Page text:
The President and heads of departments, after their narrow escape at Bladensburgh, concluded to leave the remaining events of the day to the direction of General Winder, and returned to the city. Judging that the American officers, on

their return from the field of battle, would need refreshments, the President had ordered an elegant entertainment prepared for them at his house. As soon as it was determined that the city was not to be defended, the Cabinet retired to Montgomery Court-house.

In the meantime, the British advanced from Bladensburgh without further oppo sition; and at eight o'clock in the evening General Ross entered the city at the head of eight hundred men. Having arrived on Capitol Hill, he offered terms of capitulation, which were, that the city might be ransomed for a sum of money nearly equal to the value of the public and private property it contained; and that on receiving it the troops should retire to their ships unmolested.

There being neither civil nor military authorities in the city to whom the prop ositions could be made, the work of conflagration commenced. The Capitol, the President's house, the offices of the Treasury, War and Navy departments, and their furniture, with several private buildings, were destroyed. The party sent to burn the President's house entered it and found in readiness the entertainment which had been crdered for the American officers. In the dining hall the table was spread for forty guests, the sideboard furnished with the richest liquors, and in the kitchen the dishes all prepared. These uninvited guests devoured the feast with little ceremony, ungratefully set fire to the building where they had been so liberally fed, and returned to their comrades. One house from which General Ross apprehended himself to have been shot at was burned, and all the people found in it slain. The most important public papers had been previously removed. The Navy-yard, with its contents and apparatus, one frigate of the largest class on the stocks, and nearly ready to launch, and several smaller vessels, were destroyed by Commodore Tingey, under the direction of the Secretary of the Navy, after the capture of the city:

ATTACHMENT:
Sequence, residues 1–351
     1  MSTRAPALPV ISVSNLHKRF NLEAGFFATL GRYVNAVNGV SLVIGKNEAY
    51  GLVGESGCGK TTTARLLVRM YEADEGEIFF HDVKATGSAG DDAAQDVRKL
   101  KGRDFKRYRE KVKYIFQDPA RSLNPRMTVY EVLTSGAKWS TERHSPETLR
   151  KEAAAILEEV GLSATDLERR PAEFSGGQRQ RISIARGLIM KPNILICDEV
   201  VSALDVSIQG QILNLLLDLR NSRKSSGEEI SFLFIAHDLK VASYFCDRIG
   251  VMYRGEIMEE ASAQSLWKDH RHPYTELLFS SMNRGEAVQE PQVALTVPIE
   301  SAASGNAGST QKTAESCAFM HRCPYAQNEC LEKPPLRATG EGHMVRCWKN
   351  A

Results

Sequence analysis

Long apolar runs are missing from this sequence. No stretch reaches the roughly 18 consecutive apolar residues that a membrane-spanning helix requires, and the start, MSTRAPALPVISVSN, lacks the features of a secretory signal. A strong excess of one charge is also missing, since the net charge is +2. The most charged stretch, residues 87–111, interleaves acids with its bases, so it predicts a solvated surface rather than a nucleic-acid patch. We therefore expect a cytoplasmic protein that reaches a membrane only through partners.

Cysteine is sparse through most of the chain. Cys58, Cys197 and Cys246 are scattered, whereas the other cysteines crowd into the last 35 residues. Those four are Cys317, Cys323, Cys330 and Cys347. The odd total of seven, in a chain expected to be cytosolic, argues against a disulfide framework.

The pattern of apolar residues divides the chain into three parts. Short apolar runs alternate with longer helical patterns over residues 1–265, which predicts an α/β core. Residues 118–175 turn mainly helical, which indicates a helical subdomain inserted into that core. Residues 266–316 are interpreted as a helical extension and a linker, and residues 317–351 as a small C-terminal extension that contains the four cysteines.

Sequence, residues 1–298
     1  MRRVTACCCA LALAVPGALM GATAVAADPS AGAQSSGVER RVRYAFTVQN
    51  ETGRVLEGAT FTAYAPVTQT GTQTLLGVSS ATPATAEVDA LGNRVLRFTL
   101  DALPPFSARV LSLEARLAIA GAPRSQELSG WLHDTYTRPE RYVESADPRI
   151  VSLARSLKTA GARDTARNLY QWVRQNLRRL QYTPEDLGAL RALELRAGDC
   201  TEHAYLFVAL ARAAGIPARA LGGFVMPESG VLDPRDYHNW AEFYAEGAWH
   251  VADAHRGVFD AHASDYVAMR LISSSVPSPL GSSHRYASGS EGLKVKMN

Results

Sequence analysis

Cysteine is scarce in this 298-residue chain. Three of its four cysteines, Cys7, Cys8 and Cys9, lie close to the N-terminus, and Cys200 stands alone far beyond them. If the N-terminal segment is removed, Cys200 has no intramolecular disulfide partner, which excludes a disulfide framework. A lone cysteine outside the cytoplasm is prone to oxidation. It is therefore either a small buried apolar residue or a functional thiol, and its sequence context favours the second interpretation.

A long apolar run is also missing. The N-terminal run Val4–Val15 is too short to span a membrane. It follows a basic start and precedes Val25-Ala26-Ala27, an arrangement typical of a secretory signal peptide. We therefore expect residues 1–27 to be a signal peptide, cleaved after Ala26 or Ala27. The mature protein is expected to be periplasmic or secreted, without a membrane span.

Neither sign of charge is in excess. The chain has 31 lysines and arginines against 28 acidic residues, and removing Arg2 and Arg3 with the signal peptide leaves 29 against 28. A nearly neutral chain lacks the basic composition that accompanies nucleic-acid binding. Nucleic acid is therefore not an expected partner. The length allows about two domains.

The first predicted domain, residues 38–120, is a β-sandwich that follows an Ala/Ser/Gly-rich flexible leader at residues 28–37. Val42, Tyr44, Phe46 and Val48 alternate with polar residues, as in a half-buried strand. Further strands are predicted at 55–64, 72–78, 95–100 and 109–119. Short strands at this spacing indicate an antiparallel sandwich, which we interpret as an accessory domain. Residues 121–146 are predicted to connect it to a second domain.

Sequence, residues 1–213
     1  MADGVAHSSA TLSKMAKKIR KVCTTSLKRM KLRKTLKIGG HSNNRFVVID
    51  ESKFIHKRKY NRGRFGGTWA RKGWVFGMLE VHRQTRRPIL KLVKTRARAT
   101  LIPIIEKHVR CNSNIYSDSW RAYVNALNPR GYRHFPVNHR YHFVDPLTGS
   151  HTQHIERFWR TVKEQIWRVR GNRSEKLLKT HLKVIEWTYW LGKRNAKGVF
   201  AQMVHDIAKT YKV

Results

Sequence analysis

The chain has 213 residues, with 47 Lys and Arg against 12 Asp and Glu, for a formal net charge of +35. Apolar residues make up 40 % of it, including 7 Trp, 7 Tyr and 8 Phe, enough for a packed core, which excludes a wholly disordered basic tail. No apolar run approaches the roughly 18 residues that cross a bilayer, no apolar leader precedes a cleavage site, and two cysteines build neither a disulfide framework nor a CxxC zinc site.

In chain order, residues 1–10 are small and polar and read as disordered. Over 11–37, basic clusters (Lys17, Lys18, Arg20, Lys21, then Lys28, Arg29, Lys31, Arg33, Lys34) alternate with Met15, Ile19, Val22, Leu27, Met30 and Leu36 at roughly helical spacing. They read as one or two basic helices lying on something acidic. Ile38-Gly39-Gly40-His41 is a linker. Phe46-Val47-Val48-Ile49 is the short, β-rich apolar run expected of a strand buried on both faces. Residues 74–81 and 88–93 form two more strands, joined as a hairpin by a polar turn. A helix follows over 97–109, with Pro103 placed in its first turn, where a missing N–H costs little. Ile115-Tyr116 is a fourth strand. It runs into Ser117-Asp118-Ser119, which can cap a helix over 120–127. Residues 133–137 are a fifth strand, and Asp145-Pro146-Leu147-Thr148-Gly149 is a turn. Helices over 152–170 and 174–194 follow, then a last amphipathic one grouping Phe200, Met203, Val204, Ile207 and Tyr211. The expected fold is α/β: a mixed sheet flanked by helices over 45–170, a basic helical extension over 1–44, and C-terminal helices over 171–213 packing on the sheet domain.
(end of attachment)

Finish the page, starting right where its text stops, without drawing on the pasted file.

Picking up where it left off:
The British having aocomplished the object of their visit, left the city on the 25th and passed through Bladenshurgh at midnight, on the route to Benediet

. They left their dead unburied; such of their wounded as could ride were placed on horseback; others in carts and wagons, and upward of ninety left behind. The wounded British prisoners were entrusted to the humanity of Commodore Barney, who provided everything for their comfort; and such as recovered were exchanged and returned to the British. Two hundred pieces of artillery at the Arsenal and Navy-yard fell into their hands, which they were unable to remove; these they spiked, knocked off the trunnions and left. Their retreat, though un. molested, was precipitate, and conducted under evident apprehensions of an attack. They reached Benedict on the 29th, and embarked on the 30th."

The loss of the public property destroyed by the British exceeded one million of dollars. Twenty Americans were killed and forty wounded. The British loss, from the time of their landing to their embarkation, was estimated at one hundred and eighty killed and one hundred and fifty wounded.

The Washington Congressional Cemetery is about one mile and a half from the capitol. It embraces an area of about ten acres, situated in the eastern

section of Washington, near the eastern branch of the Potomac. It is laid out with trees and shrubbery. Every member of congress who dies while a member, has a monument erected to his memory, inscribed with his name, the state from whence he came, the time of his death, etc. These monuments are all of sandstone, painted white, precisely of one fashion, and of a form perhaps the best

that can be devised for durability. At FORM OF THE CONGRESSIONAL MONUMENTS.

present there are about 130 in the inclosure, some 50 of which are in the north-east corner of the ground, the re


mainder in the southern part. The cemetery was commenced in 1807, and about 6,000 persons have been here interred. The following inscriptions are copied from monuments within it: